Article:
Marjaavaan Movie Review: Better to Watch Ramleela Than This Sidharth Malhotra Film
Blame it on our perception but it seems Sidharth Malhotra needs more time to come out of his decent boy next door image.
Sidharth Malhotra in a still from Marjaavaan.
Cast: Sidharth Malhotra, Tara Sutaria, Riteish Deshmukh, Rakul Preet Singh
Director: Milap Zaveri
Raghu (Sidharth Malhotra) and Vishnu (Riteish Deshmukh) are the top contenders of Mumbai don Narayan Anna’s (Nassar) seat. While Anna adopted Raghu, Vishnu is his biological son. From illegal water tankers to prostitution racket, the gang is into all sorts of business, but wait till our lead boy falls in love with a mute girl Zoya (Tara Sutaria).
There onwards, it’s a typical ‘80s revenge drama packaged in the same old way, which essentially means a couple of dance bar songs, cheesy dialogues and a lot of bloodshed. Be ready for some mythological references on your way to the Ramleela-inspired climax.
So, the self-fed, self-made orphan strongman Raghu, who likes to pray to gods of all religions, has a couple of pretty interesting traits: The colours of his bandana keeps changing and he likes to keep a matchstick under his tongue that comes out whenever he is angry. Zoya’s love is supposed to change him because the local ACP Ravi Yadav (Ravi Kishan) believes so. Who says the police doesn’t believe in reforms! It’s a different matter that Raghu has already killed like 500 people in broad daylight by then.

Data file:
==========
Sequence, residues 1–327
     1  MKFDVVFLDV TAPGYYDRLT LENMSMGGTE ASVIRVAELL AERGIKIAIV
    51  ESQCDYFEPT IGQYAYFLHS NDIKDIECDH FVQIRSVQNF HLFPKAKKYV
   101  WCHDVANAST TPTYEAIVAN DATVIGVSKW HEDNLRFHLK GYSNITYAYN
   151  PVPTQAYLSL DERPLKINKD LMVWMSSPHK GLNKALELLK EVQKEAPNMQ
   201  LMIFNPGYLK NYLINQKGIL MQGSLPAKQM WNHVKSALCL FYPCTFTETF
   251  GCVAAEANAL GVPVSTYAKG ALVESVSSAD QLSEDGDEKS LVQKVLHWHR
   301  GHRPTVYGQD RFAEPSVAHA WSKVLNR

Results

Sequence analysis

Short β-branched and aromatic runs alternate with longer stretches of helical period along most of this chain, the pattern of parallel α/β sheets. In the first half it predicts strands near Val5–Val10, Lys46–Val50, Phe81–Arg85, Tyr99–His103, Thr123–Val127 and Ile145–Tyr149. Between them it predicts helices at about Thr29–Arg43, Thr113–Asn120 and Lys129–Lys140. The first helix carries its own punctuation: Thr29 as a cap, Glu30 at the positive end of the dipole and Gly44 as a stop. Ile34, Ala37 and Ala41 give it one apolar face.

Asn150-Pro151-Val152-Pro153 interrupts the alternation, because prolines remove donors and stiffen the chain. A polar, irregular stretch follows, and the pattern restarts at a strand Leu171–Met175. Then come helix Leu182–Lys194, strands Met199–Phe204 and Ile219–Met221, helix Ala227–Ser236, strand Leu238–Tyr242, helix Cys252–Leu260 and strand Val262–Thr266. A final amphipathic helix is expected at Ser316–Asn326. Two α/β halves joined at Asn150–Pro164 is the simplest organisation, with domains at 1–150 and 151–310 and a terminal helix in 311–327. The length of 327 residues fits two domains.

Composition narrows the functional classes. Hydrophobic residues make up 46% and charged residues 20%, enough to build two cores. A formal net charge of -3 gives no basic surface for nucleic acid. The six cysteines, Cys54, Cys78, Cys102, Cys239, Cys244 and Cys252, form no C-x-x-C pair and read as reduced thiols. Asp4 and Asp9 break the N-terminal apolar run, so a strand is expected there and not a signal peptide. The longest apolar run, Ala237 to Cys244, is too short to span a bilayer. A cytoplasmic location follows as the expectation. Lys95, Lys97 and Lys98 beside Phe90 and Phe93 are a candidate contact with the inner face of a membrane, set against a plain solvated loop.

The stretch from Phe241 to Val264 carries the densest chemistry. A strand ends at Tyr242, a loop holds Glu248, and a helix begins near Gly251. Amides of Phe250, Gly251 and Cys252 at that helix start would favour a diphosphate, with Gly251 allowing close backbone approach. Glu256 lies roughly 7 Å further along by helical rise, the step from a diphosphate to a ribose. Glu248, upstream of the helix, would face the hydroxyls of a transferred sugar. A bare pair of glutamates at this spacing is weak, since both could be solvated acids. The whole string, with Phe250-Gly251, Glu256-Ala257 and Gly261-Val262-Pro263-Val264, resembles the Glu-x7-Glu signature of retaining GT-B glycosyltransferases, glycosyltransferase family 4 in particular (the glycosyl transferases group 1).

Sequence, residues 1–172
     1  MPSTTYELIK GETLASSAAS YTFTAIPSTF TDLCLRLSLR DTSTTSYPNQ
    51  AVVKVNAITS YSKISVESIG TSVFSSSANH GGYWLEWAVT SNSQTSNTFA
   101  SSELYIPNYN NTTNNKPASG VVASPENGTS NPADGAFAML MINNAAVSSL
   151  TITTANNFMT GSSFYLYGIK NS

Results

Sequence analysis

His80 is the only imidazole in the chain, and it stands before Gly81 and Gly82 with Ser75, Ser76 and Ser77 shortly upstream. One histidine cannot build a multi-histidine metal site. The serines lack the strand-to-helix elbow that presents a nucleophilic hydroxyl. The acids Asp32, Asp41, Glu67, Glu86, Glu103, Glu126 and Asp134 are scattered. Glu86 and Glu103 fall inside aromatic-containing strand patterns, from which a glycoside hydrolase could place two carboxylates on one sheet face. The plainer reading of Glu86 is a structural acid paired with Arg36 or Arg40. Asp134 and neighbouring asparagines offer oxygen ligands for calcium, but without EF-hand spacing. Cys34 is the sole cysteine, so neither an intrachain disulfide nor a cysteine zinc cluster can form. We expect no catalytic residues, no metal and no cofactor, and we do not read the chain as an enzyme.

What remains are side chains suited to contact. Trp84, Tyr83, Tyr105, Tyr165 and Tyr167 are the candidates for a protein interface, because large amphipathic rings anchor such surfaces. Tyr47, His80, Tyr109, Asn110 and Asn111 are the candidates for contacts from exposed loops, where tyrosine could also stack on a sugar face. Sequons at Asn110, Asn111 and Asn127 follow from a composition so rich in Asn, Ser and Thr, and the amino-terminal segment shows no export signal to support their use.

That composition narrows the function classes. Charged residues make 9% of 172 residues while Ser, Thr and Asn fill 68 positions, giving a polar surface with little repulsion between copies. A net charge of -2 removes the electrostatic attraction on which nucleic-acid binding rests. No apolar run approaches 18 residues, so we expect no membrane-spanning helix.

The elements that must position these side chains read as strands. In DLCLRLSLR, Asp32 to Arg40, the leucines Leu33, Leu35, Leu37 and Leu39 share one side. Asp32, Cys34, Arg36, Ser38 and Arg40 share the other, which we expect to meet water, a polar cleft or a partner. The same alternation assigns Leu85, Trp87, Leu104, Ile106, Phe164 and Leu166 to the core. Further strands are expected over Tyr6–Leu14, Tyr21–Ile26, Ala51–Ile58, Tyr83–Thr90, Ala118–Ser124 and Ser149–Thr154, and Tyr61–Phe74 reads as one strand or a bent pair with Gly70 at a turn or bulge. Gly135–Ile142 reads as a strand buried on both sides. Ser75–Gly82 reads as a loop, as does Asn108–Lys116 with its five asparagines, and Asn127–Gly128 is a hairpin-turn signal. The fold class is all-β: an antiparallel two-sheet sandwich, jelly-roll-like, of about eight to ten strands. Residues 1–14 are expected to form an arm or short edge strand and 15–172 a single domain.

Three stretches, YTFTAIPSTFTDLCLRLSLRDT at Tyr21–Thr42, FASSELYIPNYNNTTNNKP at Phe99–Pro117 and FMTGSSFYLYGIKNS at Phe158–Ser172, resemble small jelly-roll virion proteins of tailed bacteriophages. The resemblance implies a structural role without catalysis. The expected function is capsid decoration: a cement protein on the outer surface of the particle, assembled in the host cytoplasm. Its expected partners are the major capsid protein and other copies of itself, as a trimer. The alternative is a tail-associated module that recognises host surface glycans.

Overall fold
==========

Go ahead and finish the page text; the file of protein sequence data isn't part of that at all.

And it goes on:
You’ll also meet a couple of hero’s friends whose sole duty is to maintain hype around the main guy’s entry. Then there is a special appearance by a bar dancer Aarzoo (Rakul Preet), whose role appears longer than Sutaria’s. We can live with that though. At least, there would be songs for distraction.
Both, Raghu and Vishnu like to talk in couplets. Consider these dialogues:
“Maarunga kanpati pe, dard mitega Ganpati pe.”
Or, this one:
“Guzrega desh ki jis bhi gali se, madad milegi, mango chaho Ya Ali se ya Bajrang Bali Se.”
There are bizarre jokes too. A mute girl is identified as ‘lady barfi.’ I agree, some of us might have laughed on it, but what about this one: Harmonica, oh my darling! Really! I thought films are different than stand-up comedy.
Marjaavaan also gives Ek Villain vibes, maybe because Milap Zaveri has written both. While Riteish Deshmukh was the highlight of the previous film, he has been reduced to a caricature-like character this time. It must have looked a formidable character on paper. Alas, Deshmukh was asked to not go so overboard.
Not that Ek Villain was a great film but it had moments. Marjaavaan is punctured right from the beginning.
Blame it on our perception but it seems Malhotra needs more time to come out of his decent boy next door image. After Jabariya Jodi, he has once again tried to look raw and rugged ‘tapori’ with a golden heart. It didn’t work then, it doesn’t work now.
There isn’t anything for Sutaria and Rakul Preet either as they have been reduced to props. Till when would we keep showing leading women as damsels waiting for the messiah? Of course, it’s the director’s choice to present a character in a certain way but the understanding and milieu should change as per the time.
But it’s too much to ask for in a film that shows a small boy eve teasing small girls with a song and the ‘hero’ identifying a singer in him. Here, people meet to bombard each other with heavy-duty dialogues and then to get drunk and dance in bars. Otherwise, how would you pave the way for Nora Fatehi, who announces, ‘Kal meri shaadi hai, aaj aazaadi hai,’ before breaking into her now-famous dance club steps.
Don’t put your life at risk for just one film. Who knows if it’s named Marjaavaan on purpose!
Interact with Rohit Vats at Twitter/@nawabjha
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